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Thursday, March 25, 1999 Published at 13:10 GMT


England's 'staggering' adult illiteracy

Training - for those brave enough to seek it - is 'patchy'

One fifth of adults in England have severe problems with basic literacy and numeracy, according to an official report which calls for a "national crusade" to tackle the problem.

The BBC's John Andrew: Many adults are embarrassed about their problem
The report, by the Basic Skills Agency, urges the government to introduce new national tests to assess adults' basic reading, writing and arithmetic skills.

It reviews evidence that adults in England have poorer literacy and numeracy skills than those in any other European country apart from Poland and Ireland.

It calculates that one in three adults cannot work out the area of a room, while one in five would be unable to find a plumber in the Yellow Pages telephone directory.

[ image:
"One in 16 adults shown this poster cannot say where the concert is being held" - Moser Report
It was produced by a working group of experts in education, employment and the community sector, headed by the Chairman of the Basic Skills Agency, Sir Claus Moser.

"The fact that as many as seven million adults in England have more or less severe problems with literacy and numeracy is staggering, and indeed shocking in this rich country," he said.

"It is sad reflection on decades of poor schooling and past government policies."

The report says the consequences of this are "devastating for society, for the economy and above all for the individuals concerned". It also criticises "the patchy, almost random" provision of help for those who need it.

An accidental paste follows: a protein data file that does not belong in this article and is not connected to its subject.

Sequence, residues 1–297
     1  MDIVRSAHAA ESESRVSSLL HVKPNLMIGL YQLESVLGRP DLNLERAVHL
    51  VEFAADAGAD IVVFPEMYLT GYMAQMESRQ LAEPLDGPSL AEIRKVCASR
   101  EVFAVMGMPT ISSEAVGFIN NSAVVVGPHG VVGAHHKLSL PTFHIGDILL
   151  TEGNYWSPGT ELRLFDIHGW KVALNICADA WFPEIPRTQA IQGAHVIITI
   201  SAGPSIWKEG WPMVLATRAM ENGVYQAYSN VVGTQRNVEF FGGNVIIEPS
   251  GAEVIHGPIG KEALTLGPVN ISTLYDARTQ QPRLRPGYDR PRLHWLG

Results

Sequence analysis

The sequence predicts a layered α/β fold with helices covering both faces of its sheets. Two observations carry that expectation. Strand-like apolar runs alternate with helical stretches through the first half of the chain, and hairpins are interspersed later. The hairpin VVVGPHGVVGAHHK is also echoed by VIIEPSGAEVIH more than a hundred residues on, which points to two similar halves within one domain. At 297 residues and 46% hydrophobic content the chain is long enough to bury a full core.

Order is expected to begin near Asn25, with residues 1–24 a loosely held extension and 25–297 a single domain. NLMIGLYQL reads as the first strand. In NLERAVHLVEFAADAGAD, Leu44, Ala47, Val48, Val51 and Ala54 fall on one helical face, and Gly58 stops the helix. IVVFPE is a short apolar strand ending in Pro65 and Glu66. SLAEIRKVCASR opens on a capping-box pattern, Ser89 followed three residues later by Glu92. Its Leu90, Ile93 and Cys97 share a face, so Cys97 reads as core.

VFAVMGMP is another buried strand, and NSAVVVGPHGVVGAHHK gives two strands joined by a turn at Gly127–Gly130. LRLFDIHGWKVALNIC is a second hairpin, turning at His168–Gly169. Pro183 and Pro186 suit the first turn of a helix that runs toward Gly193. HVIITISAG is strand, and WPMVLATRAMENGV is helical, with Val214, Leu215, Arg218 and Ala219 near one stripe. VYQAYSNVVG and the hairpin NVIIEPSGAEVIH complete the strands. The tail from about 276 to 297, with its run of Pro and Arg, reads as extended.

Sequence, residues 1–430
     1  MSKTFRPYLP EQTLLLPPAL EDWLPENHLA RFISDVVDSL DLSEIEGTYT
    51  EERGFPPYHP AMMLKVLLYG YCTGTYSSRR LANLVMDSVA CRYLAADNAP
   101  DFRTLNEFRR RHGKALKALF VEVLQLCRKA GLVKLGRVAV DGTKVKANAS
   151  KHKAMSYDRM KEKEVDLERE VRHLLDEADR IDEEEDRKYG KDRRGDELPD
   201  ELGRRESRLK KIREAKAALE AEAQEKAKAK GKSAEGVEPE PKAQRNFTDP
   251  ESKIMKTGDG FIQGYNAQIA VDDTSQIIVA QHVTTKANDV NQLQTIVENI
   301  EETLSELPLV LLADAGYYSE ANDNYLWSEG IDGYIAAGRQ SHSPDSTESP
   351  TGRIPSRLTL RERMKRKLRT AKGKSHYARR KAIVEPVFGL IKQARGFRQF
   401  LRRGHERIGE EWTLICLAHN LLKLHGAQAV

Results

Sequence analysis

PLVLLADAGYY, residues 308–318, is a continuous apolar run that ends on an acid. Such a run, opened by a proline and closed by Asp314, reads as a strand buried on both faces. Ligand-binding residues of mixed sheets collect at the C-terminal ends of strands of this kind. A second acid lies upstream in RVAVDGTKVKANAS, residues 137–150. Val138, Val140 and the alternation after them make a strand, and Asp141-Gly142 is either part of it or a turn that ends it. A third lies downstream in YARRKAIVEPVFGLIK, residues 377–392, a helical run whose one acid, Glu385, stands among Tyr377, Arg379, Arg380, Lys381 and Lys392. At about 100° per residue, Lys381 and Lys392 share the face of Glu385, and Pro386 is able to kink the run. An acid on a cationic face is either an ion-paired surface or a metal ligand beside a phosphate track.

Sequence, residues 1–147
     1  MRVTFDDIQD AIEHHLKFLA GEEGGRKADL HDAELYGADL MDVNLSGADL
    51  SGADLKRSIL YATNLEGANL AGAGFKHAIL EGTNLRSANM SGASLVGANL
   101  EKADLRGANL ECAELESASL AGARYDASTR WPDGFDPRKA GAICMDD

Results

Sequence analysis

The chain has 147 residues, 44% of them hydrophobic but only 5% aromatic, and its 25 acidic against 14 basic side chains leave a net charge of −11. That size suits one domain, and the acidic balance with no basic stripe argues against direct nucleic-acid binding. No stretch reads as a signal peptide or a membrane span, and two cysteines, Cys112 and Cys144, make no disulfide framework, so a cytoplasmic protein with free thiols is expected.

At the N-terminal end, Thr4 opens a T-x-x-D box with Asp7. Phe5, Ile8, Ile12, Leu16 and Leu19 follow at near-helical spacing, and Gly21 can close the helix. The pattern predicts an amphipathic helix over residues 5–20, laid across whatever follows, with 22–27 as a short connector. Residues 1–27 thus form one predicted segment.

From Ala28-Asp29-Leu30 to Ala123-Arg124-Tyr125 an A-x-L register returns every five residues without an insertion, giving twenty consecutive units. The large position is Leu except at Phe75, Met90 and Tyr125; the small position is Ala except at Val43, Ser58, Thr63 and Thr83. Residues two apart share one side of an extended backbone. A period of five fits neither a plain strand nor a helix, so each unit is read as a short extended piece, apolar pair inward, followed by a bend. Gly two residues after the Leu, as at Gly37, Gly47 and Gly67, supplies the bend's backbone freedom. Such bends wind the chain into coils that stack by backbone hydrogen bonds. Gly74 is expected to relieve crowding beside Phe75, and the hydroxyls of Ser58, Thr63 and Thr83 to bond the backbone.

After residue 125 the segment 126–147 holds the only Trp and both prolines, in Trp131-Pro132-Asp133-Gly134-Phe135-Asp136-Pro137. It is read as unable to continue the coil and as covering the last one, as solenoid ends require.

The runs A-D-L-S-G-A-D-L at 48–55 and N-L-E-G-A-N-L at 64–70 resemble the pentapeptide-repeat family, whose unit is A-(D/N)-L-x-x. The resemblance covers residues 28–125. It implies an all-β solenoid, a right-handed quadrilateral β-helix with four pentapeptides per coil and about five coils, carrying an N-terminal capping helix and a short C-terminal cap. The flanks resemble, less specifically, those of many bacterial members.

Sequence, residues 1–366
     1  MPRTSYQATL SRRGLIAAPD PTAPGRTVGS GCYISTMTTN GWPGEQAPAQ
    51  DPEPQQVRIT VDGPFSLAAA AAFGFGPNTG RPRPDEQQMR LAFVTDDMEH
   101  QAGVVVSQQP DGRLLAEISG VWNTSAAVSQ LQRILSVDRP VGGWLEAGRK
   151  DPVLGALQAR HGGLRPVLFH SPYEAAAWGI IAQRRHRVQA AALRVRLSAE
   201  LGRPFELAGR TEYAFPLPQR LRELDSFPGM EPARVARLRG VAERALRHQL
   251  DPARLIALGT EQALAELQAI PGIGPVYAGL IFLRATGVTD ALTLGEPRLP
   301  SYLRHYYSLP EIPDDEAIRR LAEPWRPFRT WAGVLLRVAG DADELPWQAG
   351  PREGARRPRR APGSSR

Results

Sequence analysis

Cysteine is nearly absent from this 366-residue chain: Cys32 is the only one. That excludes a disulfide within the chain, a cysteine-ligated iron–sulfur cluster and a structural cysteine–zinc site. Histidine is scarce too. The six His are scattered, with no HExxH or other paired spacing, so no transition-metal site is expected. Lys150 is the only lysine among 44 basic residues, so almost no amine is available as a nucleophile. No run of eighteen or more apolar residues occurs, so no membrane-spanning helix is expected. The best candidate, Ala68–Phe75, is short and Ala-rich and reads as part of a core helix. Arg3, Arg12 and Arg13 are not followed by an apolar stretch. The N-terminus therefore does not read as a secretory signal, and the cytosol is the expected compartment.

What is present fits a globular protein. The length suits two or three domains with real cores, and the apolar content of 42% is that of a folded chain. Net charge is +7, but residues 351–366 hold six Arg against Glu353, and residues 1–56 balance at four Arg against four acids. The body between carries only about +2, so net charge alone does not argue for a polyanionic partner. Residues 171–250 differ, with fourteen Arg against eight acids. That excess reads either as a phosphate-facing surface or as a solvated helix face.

It recommends a national strategy to provide targeted study schemes involving the government, employers and colleges.

Adult learning drive

The report follows an announcement last year that the government is to give £2.3m to 64 adult education projects in England.

[ image: Sir Claus Moser:
Sir Claus Moser: "This is a shocking situation"
Grants ranging from £3,000 to £147,000 will go to a wide range of schemes - from community radio stations to developing materials which encourage fathers to read with their children.

Many of the projects aim to improve adults' basic literacy and numeracy skills, and as a consequence make them more employable.

They are the first beneficiaries of the Adult and Community Learning Fund, launched last August, which will see a total of £15m being spent over the next three years.

[ image: Jimmy White:
Jimmy White: "Get some help"
Welcoming the report, the Education and Employment Secretary, David Blunkett, said: "We recognise the crucial importance of raising basic skills standards amongst adults as part of our agenda to widen participation in learning and to improve skills in our working population.

"Basic skills education has a key place in the initiatives we have already launched. We are fortunate that awareness is growing about the scale and nature of the problem.

"Many people will have seen features in soaps like EastEnders and Brookside, where a literacy story line was developed - in no small part due to the efforts of the Basic Skills Agency and broadcasting companies.

Snooker player Jimmy White talking about the trouble he had reading
"But Sir Claus's report demonstrates that there remains a major challenge. We must find many more new ways of helping adults to gain these basic skills so they have the foundation on which to improve their skills and employment prospects, and to play a fuller part in the life of the community."

Mr Blunkett said he was asking the Education and Employment Minister, Tessa Blackstone, to lead a small group to draw up such a strategy.

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